With spring turkey seasons right around the corner, we’re sharing two of our favorite recipes from The Turkey Book—Jesse Griffiths’ latest cookbook dedicated to all things wild turkey. First up: Turkey and Dumplings. To learn more about Jesse and the cross-country hunting trip that inspired his book, read our Q&A here.

Turkey and Herb Dumplings

This classic is topped with dumplings flecked with fresh herbs, bright lemon zest and a big handful of chopped greenbriar tips. As much as I hate greenbriar due to its grabby thorniness, the tender springtime tips are very nice, with an asparagus-like flavor and a pleasant vegetal crunch. — Jesse Griffiths

Turkey Hunting photo
Sam Averett.


8 tbsp butter

6 medium carrots, thickly sliced

1 onion, diced

2 celery ribs, thickly sliced

1 cup mushrooms, sliced (optional)


1⁄4 cup all-purpose flour

2 quarts turkey stock

Freshly cracked black pepper

Turkey Hunting photo
Jody Horton.

For the Dumplings

2 cups all-purpose flour

1 tbsp baking powder

1⁄2 tsp salt

2 tbsp cold butter, cut into small pieces

2⁄3 cup milk

1 egg, beaten

3–5 tbsp chopped fresh sage, thyme, rosemary, parsley and/or greenbriar tips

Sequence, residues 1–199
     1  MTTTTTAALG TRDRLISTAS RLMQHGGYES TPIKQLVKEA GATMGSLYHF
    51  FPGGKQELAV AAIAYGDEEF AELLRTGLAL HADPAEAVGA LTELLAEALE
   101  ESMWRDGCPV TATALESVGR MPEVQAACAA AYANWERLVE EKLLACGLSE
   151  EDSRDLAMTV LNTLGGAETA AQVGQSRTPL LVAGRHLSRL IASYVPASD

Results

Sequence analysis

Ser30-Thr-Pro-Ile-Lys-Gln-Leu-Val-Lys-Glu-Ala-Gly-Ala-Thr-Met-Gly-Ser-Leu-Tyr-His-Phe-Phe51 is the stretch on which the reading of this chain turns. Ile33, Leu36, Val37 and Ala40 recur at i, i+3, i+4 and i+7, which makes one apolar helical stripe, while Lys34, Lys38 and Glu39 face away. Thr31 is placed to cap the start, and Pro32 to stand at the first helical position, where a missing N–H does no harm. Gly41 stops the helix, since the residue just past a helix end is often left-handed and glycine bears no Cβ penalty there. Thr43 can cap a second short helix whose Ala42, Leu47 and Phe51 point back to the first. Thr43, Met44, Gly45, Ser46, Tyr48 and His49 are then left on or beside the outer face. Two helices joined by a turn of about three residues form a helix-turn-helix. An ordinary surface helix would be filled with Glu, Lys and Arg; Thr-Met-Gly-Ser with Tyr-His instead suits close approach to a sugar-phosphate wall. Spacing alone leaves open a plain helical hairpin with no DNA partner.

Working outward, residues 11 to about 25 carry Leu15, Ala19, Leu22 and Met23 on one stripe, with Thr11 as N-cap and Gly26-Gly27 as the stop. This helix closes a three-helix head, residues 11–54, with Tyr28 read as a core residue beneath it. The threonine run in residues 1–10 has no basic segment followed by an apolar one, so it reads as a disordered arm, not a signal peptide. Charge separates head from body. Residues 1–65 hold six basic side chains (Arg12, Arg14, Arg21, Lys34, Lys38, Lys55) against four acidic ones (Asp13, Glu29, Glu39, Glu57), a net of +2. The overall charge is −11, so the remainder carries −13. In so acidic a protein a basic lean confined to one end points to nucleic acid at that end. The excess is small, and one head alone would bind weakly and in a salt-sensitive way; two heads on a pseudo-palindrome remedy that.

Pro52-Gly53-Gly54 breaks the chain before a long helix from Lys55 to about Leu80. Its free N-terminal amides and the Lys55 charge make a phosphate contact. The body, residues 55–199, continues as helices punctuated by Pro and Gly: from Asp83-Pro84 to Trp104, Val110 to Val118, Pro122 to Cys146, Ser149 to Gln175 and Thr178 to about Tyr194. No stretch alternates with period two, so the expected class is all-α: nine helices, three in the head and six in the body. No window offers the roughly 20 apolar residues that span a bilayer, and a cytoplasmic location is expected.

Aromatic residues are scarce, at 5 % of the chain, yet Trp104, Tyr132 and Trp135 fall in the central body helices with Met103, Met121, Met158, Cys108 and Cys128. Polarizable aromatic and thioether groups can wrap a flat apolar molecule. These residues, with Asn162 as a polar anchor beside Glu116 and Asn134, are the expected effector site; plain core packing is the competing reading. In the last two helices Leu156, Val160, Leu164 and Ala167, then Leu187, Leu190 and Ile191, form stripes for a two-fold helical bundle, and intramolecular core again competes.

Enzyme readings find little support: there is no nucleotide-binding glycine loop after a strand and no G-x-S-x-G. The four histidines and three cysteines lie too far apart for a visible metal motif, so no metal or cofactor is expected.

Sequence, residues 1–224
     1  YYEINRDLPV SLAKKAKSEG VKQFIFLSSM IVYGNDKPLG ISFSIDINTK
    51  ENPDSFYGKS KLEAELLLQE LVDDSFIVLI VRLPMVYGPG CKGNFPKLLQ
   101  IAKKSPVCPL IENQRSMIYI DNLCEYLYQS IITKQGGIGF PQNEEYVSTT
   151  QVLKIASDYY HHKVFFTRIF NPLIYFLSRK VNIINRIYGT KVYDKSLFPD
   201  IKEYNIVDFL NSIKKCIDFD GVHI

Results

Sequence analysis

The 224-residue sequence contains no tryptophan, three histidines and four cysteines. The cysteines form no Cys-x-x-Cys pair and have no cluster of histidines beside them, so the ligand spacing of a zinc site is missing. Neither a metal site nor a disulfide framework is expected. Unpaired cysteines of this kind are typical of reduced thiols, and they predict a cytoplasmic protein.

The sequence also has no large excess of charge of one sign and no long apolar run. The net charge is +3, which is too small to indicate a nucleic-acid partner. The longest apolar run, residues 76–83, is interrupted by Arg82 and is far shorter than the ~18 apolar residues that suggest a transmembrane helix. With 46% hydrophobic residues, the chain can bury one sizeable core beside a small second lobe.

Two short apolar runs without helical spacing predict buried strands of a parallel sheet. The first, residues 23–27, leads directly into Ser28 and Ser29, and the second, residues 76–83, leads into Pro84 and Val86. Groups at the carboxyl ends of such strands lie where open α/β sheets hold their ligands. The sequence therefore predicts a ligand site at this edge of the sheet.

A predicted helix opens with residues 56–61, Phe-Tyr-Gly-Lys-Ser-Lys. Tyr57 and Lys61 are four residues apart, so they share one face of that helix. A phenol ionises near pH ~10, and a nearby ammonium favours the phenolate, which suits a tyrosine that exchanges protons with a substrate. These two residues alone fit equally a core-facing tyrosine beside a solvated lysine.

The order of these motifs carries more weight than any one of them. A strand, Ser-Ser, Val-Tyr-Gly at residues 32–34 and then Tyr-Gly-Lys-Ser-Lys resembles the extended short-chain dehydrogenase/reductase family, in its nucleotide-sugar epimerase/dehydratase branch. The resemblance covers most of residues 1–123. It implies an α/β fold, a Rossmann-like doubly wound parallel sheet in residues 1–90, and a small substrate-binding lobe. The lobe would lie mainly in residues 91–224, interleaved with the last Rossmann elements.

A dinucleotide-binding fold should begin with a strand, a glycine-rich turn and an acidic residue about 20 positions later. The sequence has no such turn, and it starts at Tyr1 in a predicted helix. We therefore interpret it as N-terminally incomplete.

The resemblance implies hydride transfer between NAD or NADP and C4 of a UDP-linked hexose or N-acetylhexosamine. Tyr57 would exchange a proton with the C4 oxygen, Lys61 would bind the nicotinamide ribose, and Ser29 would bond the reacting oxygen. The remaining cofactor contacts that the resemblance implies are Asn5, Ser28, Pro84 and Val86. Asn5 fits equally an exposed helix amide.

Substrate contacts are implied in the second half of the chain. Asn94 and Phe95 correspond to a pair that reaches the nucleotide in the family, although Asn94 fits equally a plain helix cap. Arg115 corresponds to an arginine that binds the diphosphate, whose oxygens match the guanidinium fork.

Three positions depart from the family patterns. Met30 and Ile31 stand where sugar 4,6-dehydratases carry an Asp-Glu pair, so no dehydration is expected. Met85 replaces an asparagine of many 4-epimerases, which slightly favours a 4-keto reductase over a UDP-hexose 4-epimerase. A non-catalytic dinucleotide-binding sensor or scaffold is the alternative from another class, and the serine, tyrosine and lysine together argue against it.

Zest of one lemon

2 cups shredded turkey

1 cup fresh or frozen green peas


A handful of green beans, cut into bite-sized pieces

Turkey Hunting photo
Sam Averett.


In a large heavy-bottomed pot or Dutch oven, heat the butter over medium heat until melted. Add the carrots, onions, celery and optional mushrooms. Cook, stirring occasionally, for 10 minutes, and season with a pinch of salt. Add the flour and cook for another 2 minutes, stirring often.

Add about 2 cups of the stock to the pot, stirring until thickened. Continue to add the stock in two-cup increments, allowing to thicken each time, until all of the stock has been added. Keep the pot barely bubbling at a bare simmer—do not boil.

Season with salt and lots of freshly cracked black pepper. Make the dumplings: In a large bowl, stir together the flour, baking powder and salt. Add the cold butter and use your hands to pinch it together with the flour until it is in small pea-sized pieces.

Read Next: Q&A: Jesse Griffiths on Hunting and Cooking Turkeys

Add the milk, egg, herbs and zest and stir until just combined, gently and briefly kneading with your hands. Add the shredded turkey, optional peas and green beans to the pot, then drop in walnut-sized pieces of the dumpling mixture. Cover the pot with a lid and let simmer very gently for another 20 minutes, or until the dumplings are fluffy and cooked through. Serve hot.

Serves 4–6

For more recipes like this, pick up a copy of The Turkey Book:  A Chef’s Journal of Hunting and Cooking America’s Bird at